Andre: There’s a conversation now about reality with a twist. I think people are talking about it and, you see a lot of them out there. What’s also coming through is authenticity, truth in storytelling, factual entertainment about human interest. But I truly also still believe that games, quiz and entertainment are running high. Тhe other thing is that because you can scale it up and down, I think you’ll always have space for entertainment shows, family shows are still ongoing.

The French Version: 100% Logique

What are BBC Studios’ bestsellers right now?
Andre: Some of the shows that we’re launching at this market are leaning into that human story. One of them is called Lost Dogs Live, which is a format where people are trying to reunite families and their lost dogs. The statistic in the UK is that 93% of lost dogs are found, but only 20% of them actually get back to their homes. We are using social media audience live shows to try and bring people back. I wouldn’t want to lose my dog, but at least there’s a show out there that’s trying to create social media story around it.

We have another one called Inside Our Autistic Minds, which is a show about autistic people trying to create a world so people who aren’t autistic understand what it is like to be autistic. We’re still talking about Bridge of Lies that had a Spanish commission as well. But obviously the cornerstone for us has been The 1% Club.

Now let’s talk about the development process. The show differs from many other quiz formats by the fact that it’s more of an IQ test rather than testing general knowledge. How did you come up with the idea of a different type of program?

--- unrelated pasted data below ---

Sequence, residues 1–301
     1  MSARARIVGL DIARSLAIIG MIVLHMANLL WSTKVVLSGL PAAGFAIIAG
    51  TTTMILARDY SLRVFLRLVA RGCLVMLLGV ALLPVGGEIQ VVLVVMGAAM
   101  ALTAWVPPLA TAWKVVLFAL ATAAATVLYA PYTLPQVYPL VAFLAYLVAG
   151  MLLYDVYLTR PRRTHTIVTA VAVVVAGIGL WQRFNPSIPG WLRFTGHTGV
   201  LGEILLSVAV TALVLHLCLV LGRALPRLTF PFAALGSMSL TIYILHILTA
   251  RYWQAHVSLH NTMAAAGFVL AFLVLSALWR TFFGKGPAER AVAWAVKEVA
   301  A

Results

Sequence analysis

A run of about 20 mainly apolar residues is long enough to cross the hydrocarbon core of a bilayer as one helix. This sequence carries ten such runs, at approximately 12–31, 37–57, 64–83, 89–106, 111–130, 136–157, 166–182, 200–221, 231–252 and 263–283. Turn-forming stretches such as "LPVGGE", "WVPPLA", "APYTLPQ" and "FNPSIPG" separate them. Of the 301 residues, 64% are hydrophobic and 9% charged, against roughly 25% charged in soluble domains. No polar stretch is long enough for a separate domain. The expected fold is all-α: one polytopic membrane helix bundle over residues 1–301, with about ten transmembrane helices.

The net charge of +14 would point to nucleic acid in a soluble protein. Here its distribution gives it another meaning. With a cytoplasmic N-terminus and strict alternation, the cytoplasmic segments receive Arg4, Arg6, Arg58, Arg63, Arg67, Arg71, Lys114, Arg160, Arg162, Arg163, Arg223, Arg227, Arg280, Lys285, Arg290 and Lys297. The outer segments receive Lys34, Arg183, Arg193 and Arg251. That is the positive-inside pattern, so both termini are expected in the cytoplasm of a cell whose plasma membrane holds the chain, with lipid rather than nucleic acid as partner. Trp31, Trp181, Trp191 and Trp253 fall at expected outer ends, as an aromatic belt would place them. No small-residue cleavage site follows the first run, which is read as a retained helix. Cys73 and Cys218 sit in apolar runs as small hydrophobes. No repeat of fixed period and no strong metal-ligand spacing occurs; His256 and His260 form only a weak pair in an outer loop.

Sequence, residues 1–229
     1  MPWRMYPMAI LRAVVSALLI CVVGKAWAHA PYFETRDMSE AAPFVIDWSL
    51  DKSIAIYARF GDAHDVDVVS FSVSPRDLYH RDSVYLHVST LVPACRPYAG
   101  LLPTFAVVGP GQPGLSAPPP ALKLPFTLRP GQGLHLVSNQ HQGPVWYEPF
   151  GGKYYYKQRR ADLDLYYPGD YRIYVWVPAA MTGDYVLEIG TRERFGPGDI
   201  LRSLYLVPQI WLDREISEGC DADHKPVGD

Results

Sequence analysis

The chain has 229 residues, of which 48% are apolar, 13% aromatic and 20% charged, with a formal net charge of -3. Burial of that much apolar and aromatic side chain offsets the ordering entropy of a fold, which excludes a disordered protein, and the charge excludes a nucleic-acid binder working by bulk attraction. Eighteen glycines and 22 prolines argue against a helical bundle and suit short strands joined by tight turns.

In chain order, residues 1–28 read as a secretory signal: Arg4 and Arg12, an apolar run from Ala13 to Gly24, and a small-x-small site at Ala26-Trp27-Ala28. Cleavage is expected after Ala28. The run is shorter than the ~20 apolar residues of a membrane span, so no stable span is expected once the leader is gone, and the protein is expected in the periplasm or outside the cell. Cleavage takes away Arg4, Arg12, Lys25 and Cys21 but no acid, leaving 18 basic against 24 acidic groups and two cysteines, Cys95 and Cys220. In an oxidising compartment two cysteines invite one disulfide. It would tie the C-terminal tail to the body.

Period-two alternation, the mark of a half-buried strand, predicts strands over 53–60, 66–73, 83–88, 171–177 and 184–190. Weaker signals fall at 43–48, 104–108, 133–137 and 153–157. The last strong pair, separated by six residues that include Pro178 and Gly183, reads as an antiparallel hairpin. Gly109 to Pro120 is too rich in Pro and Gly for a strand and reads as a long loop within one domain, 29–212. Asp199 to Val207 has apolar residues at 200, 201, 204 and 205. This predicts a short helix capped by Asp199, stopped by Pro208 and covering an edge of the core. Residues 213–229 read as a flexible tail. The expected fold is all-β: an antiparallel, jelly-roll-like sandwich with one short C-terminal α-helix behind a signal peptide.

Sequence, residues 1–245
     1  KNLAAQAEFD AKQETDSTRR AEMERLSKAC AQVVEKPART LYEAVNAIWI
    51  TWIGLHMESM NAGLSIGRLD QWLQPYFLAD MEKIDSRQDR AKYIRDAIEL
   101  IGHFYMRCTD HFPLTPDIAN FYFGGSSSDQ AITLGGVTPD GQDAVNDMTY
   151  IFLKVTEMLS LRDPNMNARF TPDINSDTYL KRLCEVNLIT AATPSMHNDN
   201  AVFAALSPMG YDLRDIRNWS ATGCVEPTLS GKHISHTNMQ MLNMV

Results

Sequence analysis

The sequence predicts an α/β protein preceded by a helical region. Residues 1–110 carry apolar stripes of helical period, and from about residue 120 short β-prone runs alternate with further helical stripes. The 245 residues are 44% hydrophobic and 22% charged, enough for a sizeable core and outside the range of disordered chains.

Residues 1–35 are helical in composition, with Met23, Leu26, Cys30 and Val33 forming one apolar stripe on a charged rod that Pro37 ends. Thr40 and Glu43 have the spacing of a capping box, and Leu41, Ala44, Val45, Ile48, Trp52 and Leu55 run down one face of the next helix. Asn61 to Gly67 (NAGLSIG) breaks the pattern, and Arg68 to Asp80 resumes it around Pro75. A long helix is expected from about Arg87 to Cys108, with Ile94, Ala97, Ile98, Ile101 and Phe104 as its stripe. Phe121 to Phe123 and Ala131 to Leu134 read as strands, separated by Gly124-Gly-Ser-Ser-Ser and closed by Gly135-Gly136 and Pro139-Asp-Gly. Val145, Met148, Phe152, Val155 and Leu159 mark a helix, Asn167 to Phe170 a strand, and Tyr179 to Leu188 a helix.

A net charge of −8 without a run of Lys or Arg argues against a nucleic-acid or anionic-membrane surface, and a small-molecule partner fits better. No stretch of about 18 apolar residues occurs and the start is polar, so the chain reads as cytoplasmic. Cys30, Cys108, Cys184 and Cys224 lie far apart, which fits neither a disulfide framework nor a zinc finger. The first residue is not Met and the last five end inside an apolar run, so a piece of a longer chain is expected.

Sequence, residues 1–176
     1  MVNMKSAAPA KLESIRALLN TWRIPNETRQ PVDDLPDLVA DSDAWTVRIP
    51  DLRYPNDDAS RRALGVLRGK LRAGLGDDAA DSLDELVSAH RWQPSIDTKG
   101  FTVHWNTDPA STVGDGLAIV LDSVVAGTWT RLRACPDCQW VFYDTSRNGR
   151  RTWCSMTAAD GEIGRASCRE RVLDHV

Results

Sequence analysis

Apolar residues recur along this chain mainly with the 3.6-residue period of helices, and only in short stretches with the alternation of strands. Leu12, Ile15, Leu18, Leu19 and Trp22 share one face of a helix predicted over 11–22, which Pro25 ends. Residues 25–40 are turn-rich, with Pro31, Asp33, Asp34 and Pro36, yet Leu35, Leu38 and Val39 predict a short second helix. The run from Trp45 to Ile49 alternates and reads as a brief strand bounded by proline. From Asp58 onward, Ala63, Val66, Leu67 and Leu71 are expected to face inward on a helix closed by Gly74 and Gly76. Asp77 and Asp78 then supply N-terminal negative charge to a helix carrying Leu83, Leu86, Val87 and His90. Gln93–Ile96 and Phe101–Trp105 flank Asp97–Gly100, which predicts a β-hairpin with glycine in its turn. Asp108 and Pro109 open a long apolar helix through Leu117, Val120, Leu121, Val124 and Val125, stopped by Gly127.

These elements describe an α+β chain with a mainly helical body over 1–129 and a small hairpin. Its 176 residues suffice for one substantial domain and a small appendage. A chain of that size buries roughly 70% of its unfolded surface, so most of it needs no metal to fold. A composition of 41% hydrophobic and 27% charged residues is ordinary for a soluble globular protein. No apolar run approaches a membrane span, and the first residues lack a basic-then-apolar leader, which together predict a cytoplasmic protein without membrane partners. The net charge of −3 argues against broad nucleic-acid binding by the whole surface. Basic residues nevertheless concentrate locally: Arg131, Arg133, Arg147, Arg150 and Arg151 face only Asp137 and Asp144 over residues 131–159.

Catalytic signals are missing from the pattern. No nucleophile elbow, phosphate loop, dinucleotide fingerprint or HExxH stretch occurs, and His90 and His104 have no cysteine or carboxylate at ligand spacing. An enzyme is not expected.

Andy Auerbach: It all started with one question, and this was the car park question. It was a question that Dean and I, on our lunch break, would ask each other these brain teaser type questions and we saw this question and neither of us knew the answer. We couldn’t work it out. It was just hard. But Dean took it to his family. He showed it to his 11-year old son and he literally got it within an instant. We thought that was remarkable and then that got us thinking that that was a wonderful thing for a quiz. What if there was a quiz where it didn’t matter how well educated you were? It didn’t matter if you’d been to university. What if there was a quiz where everyone was on a level playing field because it tested how your brain works, not how much knowledge you have? And we thought that’s a great start to a quiz.

How long did it take to develop the show and put it on air?
Dean: Once we saw that type of question, we did actually start testing. We started writing more ourselves, and we wanted to find out what percent of the country could get it right. So we sent them to the sort of place that tests who’s voting for who and whatever and they test, they send it out to a thousand people. Once we got those percentages, we spoke to ITV аnd we showed them the questions and it really got them talking. They started playing it themselves. They started arguing about it. I won’t name names, but one of them, very high up, didn’t do so well and it caused a bit of a moment. At that stage, they asked us to develop it more into a full show and they commissioned a pilot pretty soon. We also got the host on board, Lee, who we knew from doing a different show. Same thing we sent him about 15 questions and straight away he said, I love it, because people got involved. So we did the pilot and then they committed to it. It feels like a long time but actually it was in the world of television, it was pretty quick.

Play Along in Cannes